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Wavy Women highlights various industry professionals currently leading the game with their brazen creativity and forward-thinking style.

Like a wave, Sydney-based dancer and choreographer Vanessa Marian is in a state of perpetual motion; always moving, and always using the medium of dance in new, exciting and inspiring ways. In addition to her work as a Dancer and Choreographer, Vanessa is frequently using dance to help others. Her organisation, Groove Therapy, aims to make dance accessible to everyone, focusing on beginner-level hip hop dance classes for people who have always wanted to try a class but have felt too intimidated to try it.

Groove Therapy also takes the shared love of dance and opens it up to those in need.  It uses the theory that ‘we’re all dancers’ to offer everyone from refugees and migrants, to those with dementia and to programs for kids the chance to dance, to have fun, and be a part of the community. The feel-good message of Vanessa’s work is designed to break up what dance represents to many as through her work it loses the regularly found elitist vibe and instead replaces it with an inclusive and non-judgemental vibe that more and more people are moving towards.

As the latest name in the Wavy Women series we caught up with Vanessa to talk all things dance, her inspiration and more with this interview and images from regular Highsnobiety contributor Lester Jones.

Why and how did dance become such an important part of your life?

I’ve danced since I was five and in varying degrees – whether this was a daily jam in my bedroom, training in classical Indian dance or training under hip hop OGs around the world. I don’t realise how much nourishment my soul takes from dance until I stop doing it. That’s when I start feeling noticeably irritable, sluggish and uninspired.

What inspired you to not only dance, but also to use dance to help others?

It wasn’t really created like that and it still doesn’t work in that way. I don’t walk into a room that happens to hold people of a marginalised background and think ‘I’m here to help you’. This is just another excuse for me to have a boogie. When you teach anyone who is trying a dance class for the first time, whether that be privileged suburbia mums or Indigenous kids out in the desert, you just see the joy that dance brings. As a professional dancer it reminds you of why you fell in love with dance in the first place. It keeps you grounded, it gives purpose to your art form. If anything I’m doing it for more selfish reasons than anything else.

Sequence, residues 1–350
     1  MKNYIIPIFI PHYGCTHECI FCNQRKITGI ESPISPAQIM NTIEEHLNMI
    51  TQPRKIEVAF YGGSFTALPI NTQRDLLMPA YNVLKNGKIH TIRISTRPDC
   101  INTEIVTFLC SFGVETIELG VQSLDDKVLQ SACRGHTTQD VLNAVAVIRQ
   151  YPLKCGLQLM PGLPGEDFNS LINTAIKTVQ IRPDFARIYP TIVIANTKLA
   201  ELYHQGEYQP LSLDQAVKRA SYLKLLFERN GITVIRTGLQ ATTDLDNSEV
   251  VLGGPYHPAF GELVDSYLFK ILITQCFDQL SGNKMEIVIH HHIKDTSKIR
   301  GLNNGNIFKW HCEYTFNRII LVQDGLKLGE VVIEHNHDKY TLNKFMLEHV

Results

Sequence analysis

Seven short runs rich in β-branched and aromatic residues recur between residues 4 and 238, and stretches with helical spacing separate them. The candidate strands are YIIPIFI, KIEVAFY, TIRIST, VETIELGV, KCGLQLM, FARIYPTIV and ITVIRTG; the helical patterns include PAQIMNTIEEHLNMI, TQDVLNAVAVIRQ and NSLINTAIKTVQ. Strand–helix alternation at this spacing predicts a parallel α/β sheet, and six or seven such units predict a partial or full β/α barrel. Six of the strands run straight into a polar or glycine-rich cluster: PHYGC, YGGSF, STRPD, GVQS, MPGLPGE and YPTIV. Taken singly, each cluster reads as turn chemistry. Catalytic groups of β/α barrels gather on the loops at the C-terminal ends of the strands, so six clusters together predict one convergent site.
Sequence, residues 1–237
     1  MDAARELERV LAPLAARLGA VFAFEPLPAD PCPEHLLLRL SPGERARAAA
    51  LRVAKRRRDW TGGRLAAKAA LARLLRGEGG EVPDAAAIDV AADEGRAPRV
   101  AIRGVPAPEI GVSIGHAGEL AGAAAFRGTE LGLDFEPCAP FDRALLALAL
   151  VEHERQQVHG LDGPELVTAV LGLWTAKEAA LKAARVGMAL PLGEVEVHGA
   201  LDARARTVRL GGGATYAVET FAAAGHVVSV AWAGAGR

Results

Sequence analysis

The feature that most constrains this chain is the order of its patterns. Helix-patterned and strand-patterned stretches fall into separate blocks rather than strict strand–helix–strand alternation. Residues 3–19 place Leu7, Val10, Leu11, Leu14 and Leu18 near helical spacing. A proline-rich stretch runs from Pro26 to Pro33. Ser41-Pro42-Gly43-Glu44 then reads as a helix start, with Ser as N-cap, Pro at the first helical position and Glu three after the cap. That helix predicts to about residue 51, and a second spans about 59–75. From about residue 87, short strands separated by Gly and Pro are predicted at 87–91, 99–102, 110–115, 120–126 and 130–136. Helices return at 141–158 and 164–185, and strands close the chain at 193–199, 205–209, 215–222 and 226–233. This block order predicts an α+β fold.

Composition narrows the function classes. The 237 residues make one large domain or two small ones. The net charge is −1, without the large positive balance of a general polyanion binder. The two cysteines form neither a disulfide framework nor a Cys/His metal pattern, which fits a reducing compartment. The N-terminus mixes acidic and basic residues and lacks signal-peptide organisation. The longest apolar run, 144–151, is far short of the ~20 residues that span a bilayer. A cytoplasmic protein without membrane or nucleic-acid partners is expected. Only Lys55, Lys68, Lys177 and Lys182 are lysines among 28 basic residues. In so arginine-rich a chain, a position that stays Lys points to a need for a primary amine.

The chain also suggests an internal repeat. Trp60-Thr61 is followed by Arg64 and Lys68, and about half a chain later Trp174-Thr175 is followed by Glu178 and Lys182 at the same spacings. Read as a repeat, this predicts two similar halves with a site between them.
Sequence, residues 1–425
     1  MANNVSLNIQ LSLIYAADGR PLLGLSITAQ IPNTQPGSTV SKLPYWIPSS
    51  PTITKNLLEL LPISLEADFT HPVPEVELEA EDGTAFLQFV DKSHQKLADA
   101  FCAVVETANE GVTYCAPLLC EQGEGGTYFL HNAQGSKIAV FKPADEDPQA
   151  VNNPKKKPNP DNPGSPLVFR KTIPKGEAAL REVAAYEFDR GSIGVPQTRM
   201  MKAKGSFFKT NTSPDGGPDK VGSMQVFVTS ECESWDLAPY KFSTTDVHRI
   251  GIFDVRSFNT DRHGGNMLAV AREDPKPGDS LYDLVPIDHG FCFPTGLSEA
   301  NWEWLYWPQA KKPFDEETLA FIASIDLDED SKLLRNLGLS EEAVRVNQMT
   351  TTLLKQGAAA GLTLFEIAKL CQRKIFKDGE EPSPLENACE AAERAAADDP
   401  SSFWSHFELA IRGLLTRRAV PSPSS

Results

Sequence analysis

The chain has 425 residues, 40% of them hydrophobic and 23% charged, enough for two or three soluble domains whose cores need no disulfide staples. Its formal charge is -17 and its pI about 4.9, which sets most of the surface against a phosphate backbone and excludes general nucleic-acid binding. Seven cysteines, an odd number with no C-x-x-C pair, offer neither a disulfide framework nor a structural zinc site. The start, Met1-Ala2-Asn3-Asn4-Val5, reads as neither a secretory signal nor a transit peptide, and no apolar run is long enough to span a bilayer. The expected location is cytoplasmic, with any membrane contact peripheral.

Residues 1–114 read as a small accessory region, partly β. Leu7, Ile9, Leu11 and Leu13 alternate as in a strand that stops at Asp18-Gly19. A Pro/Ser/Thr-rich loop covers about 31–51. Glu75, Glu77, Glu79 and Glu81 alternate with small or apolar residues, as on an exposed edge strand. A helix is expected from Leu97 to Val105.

Can you tell us a bit about Groove Therapy and how it came about?

Groove Therapy is mainly a series of weekly dance classes for the every day person who has always wanted to try a dance class but found dance studios too intimidating. I think that’s rubbish. Dance should never be exclusive and elitist. So I started classes in pop-up community spaces with no mirrors and dim lights. The classes became about teaching you not to take yourself so seriously and just focusing on grooves and foundational street dance. From here we started running small programs out in different communities and sub-groups.

When did you first realise the power of dance to help others?

I didn’t have any particular moment. I’ve been dancing for 25 years and teaching for nine. In almost a decade of teaching classes I’ve had so many people approach me afterwards and tell me their story, and how dance has helped them overcome difficulties. Dance fosters community, it pumps endorphins through your body by promoting exercise and health, it’s the ultimate feel-good exercise!

What do you plan to do with your work with dance locally, and Internationally?

I feel excited about what Groove Therapy already is, in that there isn’t anything more that I want it to be except for bigger and more international. More classes, more accessibility to all walks of life and more cross-cultural exchange through street dance.

What is an average day for you?

I try and wake up around 6:30 and meditate for 20 minutes before getting my morning coffee. My days will always include yoga, dance classes, jams with homies, photo shoots, press interviews and then by evening I’m either teaching a Groove Therapy class, overseeing another teacher, taking a professional class myself or doing yoga. It is absolutely as exhausting as it sounds. I’m just getting through this whilst I’m young and have the energy and one day I’ll be a yogi in a forest somewhere listening to mellow hip hop beats.

If you weren’t doing what you are now, what would you do?

Crying to my shrink. Also learning how to surf I think.

Describe your current style.

I’m a street dancer. Street dance is a style of dance that is born outside of the dance studio context, as the name suggests, on the streets. So my style is heavily influenced by many hip hop genres, dancehall, afrobeats, bail funk to just scratch the surface. I love world music so I live for anything born out of an ethnically obscure culture.

Who or what are you currently inspired by?

My babe, Stefan. He is the most creative person I know yet always full of joy and deeply rooted in nature and family. He is also the most humble person I know and will hate everything I’ve just written about him.

Check out another Wavy Woman, British-born DJ Mercedes Edison who currently calls the 6 her home.

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